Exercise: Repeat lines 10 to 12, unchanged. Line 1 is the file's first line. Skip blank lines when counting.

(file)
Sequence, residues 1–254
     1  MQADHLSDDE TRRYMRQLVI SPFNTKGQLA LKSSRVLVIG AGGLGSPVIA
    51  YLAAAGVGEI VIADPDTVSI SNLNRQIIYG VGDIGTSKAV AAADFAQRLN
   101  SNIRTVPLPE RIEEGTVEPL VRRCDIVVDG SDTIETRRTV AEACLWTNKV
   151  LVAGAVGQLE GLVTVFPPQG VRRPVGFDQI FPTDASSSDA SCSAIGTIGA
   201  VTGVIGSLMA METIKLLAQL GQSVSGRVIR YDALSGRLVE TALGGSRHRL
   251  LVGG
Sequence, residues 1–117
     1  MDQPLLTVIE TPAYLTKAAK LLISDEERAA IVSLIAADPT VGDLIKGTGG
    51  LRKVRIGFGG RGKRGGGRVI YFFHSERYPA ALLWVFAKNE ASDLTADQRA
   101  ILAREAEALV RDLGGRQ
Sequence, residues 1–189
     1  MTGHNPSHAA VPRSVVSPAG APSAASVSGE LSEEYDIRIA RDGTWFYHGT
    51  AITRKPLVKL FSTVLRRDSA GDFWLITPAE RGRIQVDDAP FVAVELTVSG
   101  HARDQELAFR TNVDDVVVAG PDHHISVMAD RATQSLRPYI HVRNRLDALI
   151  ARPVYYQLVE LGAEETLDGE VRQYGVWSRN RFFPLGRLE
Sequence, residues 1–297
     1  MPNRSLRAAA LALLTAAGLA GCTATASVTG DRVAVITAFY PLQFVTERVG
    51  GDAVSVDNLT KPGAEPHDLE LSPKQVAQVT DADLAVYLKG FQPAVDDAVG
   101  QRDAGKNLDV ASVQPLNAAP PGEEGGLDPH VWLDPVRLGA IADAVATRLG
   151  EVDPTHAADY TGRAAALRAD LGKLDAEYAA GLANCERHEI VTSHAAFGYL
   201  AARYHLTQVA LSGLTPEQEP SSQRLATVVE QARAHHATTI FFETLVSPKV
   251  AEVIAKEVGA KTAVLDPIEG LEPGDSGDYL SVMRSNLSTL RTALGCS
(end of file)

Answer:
    51  LRKVRIGFGG RGKRGGGRVI YFFHSERYPA ALLWVFAKNE ASDLTADQRA
   101  ILAREAEALV RDLGGRQ
Sequence, residues 1–189